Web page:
Dramatic Arts

This subject is about the history and progress of performance and entertainment from ritual to the modern era.

Beyond the theoretical aspects of the syllabus, including the development of an appreciation for the written word, the subject also explores the development of practical skills of presentation, such as:

  • the enhancement of self-confidence
  • the dynamics of working in a group
  • the encouragement of creative thinking and critical thought.

In Forms 4 to 6 (Grade 10 to 12), the subject involves both theoretical and practical components, which are given equal weight.

What are the aims of the course?

To develop:

  • communication skills, not necessarily to train actors
  • self confidence
  • sensitivity to others and social skills that develop from group work
  • independent, critical thought and creativity
  • an understanding of and respect for different cultures and their dramatic expression

Could you do Dramatic Arts?

  • Yes, no previous experience in Drama is needed to take it as a Matric subject.
  • Your enthusiasm and energy are more important than your “ability to act”.
  • A good Drama student is enthusiastic, creative and willing to try out new things.
  • He need not be loud or out-going.
  • Drama is NOT an easy option. It is time consuming.

What does Dramatic Arts involve?

  • A theory component (50 %)
  • A practical component (50 %)
  • It requires a strong work ethic and commitment to group members.
  • Performance preparation for assessed performances requires at least 45 minutes for practice sessions outside formal lesson time with your group and regular individual practice at home.
  • It is hard work but the thrill of performing before an audience is second to none.

Course Outline

Theory Component (50%) – Grades 10-12

  • Theatre History: A look at trends in the different eras.
  • Plays and Playwrights: Studied in detail with an emphasis on the performance of the text.
  • Principles of Speech: A basic understanding of how to produce a strong, clear and expressive voice.

NB. This is assessed in a 3 hour theory exam in Grades 10-12. The Matric Theory Exam, for 150 marks, includes a compulsory essay writing question, contextual questions and application of personal resources to source-based questions.

Practical Work (50%) – Grades 10-12

  • Focuses on developing skills in characterisation, mime, physical theatre, and creative interpretation of poetry, plays and other forms of literature.
  • Expressed through dramatic mediums of monologues, choral verses, poetry, dramatised prose, scenes and movement pieces.

(NB. The final Matric Practical Exam is a THEME PROGRAMME – 150 marks which you prepare in a group).

Dramatic Arts Assessed Performances:

GRADE 10: CREATIVE EXPRESSIONS EVENING – Internal Assessment

Mini Theme Programmes:

  • Choral Verse
  • Monologues
  • Scene
  • Movement Piece

OR

  • Scripted Commedia del ‘Arte Scenes

GRADE 11: DRAMATIC ARTS FESTIVAL – Internal Assessment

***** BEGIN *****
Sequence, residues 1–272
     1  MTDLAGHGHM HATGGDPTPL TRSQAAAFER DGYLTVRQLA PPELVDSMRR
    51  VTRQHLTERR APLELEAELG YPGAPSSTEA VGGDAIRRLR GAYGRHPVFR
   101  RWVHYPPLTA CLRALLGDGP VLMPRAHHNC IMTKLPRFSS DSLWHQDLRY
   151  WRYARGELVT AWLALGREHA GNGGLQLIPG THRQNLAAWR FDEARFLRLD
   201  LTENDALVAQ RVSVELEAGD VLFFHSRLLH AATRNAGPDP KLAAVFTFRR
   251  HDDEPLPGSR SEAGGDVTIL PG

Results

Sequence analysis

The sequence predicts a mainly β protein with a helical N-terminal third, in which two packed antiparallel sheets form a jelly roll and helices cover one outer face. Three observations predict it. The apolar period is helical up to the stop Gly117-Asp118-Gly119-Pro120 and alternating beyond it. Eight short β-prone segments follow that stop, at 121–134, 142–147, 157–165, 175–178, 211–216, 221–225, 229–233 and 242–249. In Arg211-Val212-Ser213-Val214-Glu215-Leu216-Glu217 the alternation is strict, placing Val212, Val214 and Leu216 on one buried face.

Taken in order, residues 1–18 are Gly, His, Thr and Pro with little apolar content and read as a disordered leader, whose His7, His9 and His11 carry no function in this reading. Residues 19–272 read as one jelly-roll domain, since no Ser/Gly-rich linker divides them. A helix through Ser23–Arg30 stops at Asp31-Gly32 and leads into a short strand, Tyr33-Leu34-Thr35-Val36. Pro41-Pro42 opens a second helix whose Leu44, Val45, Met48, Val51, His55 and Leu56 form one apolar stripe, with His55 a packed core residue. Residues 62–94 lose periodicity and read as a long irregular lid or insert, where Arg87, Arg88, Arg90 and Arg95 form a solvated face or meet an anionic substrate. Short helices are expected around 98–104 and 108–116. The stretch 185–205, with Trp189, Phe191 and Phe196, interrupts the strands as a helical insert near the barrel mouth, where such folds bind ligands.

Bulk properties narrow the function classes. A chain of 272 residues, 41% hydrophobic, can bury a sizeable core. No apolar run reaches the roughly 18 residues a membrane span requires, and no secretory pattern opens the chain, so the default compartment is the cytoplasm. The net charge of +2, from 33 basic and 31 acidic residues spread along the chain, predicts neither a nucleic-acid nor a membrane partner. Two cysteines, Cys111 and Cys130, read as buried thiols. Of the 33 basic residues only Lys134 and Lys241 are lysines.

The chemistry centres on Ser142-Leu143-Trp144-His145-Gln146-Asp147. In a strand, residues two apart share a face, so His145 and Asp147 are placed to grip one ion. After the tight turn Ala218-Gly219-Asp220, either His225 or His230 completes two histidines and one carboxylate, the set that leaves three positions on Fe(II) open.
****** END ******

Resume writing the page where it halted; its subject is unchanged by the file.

Theme Workshopped Scenes:

  • Research on a topical issue
  • Creating the scene using Workshop techniques
  • Presenting

GRADE 12: THEME PROGRAMMES – Internal and External Assessment

  • Choral Verse
  • Monologues
  • Scene
  • Movement Piece
  • Creative Links

How can Dramatic Arts help my career?

  • This course does not simply train people for careers in the Performing Arts.
  • It helps you develop confidence and the ability to think laterally and deal with people effectively.
  • Most jobs involve working and dealing with other people and many employers will consider it an advantage that you have studied Drama.

Who should opt for this subject?

This subject will develop all boys who take it. It will obviously be well suited to those who enjoy the theatre and performance, but it will also certainly benefit boys who tend to be inhibited. It teaches self-confidence which is a vital life skill. Boys who are strong at English usually excel at the theory side of the subject. Dramatic Arts develops the human instrument (body, mind, voice, emotions) as a medium of expression, communication and creativity. This helps boys acquire the valuable skills of confidence, a sense of self, and an extension of one’s comfort zone. Able boys are extended through having opportunities to perform in school productions, while those who prefer other areas of drama, may excel in design, direction or other areas.

Outline of the Curriculum

Form 4

  • Theatre History includes Greek, Medieval and the Commedia del’Arte
  • A selection of plays such as Oedipus Rex, Saturday Night at the Palace and Tsotsi are studied
  • Costume, makeup & props
  • Attendance of theatrical productions
  • Practical work

Form 5

  • Theatre History includes Elizabethan, Melodrama, 19th Century Realism, Stanislavki’s influence, American Theatre and local theatre
  • Extracts from Shakespeare are dramatised. The Glass Menagerie and Woza Albert are studied in depth
  • Basic elements in a play
  • Attendance of theatrical productions
  • Practical work

Form 6

  • Genres such as Realism, Naturalism, Expressionism, Experimental Symbolism and Theatre of the Absurd are studied
  • Waiting for Godot, Sophiatown and Nothing but the Truth are analysed and extracts enacted
  • Vocal emphasis
  • Attendance of theatrical productions
  • Practical work